February 28, 2012
Corp Fin Withdraws Two CDIs as Reg D Amendments Become Effective
Yesterday, the following two CDIs were withdrawn because the SEC’s amendments to Regulation D to implement Section 413 of Dodd-Frank – regarding the net worth standard under the definition of accredited investor – became effective: Section 179. Rule 215 – Accredited Investor: Withdrawn Question 179.01 and Section 255. Rule 501 – Definitions and Terms Used in Regulation D: Withdrawn Question 255.47.
We have many memos on the new standard posted in our “Private Placement” Practice Area – and we’ll be covering this topic (and much more) in our upcoming webcast: “The Art of Regulation D and Private Placements.”
Meanwhile, Keith Bishop blogs about a proposed California bill that would allow general solicitations in that state. And his blog today is entitled “Bill Proposes Another Reason Not To Incorporate In California.”
Report: How ESG Will Fare This Proxy Season
Today, Sustainable Investments Institute and As You Sow release their annual Proxy Preview Report. Their proxy season forecast primarily deals with social and environmental proposals and a smattering of governance ones (those with a social twist) and it includes profiles of a bunch of different shareholder activists, plus commentaries from a few other key proxy season players. In addition to the Report, they are holding a webcast later today.
Highlights of the 2012 ESG shareholder proposals include:
– Political Spending: Investors are increasingly concerned about corporate political spending disclosure and have filed twice as many resolutions on this topic for 2012 (109) as they did just three years ago. New is a large group of proposals that focus on spending after elections, through lobbying. Another new feature in 2012 is a call for ending any campaign spending at a couple of companies (3M, Target, and Bank of America), and a few requests for shareholder votes on companies’ political spending practices. Contributions through intermediaries are a critical focus of all the proposals, highlighting public worries about cash and influence in the 2012 election.
– Environment and Sustainability: Shareholder proponents still want companies to address climate change, reduce their impacts on natural resources, and use fewer toxic chemicals. The 117 environmental/sustainability resolutions filed in 2012 express these concerns as part of a roadmap for a new energy future. Coal and fracking dominate the group of 44 natural resource management proposals, with worries about the financial risks of relying on coal-based energy and the implications of shale gas development. A shareholder resolution from the New York City pension funds has helped prompt deals with Apple and other big electronics firms to be more open about conditions in their supply chains, even as investors tell companies they want environmental and social policies that are sustainable over the long term.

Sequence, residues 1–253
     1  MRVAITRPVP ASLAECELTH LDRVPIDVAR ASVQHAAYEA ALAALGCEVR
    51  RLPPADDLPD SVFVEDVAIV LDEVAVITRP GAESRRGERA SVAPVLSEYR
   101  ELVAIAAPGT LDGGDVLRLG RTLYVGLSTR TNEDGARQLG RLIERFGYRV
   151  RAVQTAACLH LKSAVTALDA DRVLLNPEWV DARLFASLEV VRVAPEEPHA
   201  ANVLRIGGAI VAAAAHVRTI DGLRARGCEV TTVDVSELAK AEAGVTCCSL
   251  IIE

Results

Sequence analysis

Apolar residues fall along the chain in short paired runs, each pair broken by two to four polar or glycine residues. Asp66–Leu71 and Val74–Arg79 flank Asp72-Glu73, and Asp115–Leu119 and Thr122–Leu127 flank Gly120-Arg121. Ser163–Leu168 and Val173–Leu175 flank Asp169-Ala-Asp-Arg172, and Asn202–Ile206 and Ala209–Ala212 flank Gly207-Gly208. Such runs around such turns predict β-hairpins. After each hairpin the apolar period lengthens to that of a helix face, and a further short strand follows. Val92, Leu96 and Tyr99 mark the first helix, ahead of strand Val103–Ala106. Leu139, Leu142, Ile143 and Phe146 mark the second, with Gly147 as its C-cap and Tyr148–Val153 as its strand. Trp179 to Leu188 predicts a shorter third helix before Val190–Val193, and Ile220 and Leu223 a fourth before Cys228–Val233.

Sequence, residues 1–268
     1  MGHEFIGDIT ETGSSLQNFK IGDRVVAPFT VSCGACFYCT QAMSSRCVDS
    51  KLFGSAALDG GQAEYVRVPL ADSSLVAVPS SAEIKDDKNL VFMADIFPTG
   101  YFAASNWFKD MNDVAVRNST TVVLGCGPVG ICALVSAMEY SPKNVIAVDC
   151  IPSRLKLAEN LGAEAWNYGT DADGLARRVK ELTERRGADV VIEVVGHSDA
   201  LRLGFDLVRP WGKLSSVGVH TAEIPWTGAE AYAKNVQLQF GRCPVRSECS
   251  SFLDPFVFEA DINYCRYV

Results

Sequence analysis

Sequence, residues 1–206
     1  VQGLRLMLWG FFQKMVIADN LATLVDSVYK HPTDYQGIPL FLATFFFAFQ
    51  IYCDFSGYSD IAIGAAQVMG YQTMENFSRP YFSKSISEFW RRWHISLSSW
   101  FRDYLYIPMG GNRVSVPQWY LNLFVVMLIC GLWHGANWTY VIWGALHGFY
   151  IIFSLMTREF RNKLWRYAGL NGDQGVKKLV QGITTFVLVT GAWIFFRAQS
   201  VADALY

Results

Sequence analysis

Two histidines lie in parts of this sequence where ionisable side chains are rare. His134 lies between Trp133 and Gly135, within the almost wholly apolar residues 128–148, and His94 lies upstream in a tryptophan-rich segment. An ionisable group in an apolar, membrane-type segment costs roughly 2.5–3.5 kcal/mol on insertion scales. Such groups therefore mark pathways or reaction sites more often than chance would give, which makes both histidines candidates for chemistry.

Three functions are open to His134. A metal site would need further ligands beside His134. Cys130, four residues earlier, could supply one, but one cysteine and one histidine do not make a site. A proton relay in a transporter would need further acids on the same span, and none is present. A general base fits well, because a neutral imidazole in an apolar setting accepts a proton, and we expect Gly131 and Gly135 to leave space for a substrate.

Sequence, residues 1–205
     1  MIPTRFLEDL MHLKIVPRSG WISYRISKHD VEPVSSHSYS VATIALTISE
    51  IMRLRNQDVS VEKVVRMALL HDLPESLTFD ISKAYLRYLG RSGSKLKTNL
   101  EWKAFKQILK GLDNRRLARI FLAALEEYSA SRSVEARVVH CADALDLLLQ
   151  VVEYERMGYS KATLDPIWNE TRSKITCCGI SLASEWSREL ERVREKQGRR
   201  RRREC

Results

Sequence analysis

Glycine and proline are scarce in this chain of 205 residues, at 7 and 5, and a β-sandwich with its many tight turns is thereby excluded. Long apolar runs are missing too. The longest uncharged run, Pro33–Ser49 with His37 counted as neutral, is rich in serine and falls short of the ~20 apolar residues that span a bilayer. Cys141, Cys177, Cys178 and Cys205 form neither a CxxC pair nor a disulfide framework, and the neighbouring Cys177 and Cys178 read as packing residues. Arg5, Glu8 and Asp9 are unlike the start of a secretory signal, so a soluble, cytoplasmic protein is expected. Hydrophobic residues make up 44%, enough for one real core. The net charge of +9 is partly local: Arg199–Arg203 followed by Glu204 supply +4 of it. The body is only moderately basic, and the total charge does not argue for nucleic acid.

– Mortgage Foreclosures: Investors at four of the country’s biggest banks will vote on whether they want more information on loan modifications, foreclosures, and securitization – on the heels of the recent $26 billion settlement that benefits homeowners.
– Diversity: The country’s largest institutional investors want more diverse boards, as the report highlights. And companies increasingly are establishing non-discrimination policies for lesbian, gay, bisexual, and transgender (LGBT) employees, even as they face 38 proposals on this subject. Combined, the board and employee diversity proposals account for 11% of the total number of proposals filed so far, about even with the 2011 tally.
– Labor and Human Rights: About two dozen resolutions request action on labor and human rights, mostly at companies active in global conflict zones, from faith-based investors. But several also raise concerns at private U.S. prison companies, Corrections Corp. of America, and GEO Group. An AFL-CIO proposal to a few companies is about worker safety on oil rigs and refineries, following up on safety audit issues sparked by Gulf of Mexico spill two years ago. And a new Securities and Exchange Commission interpretation just issued means investors now can vote on whether they think companies should provide equal access to all on the Internet.
Transcript: “Alan Dye on the Latest Section 16 Developments”
We have posted the transcript for the recent Section16.net webcast: “Alan Dye on the Latest Section 16 Developments.”
– Broc Romanek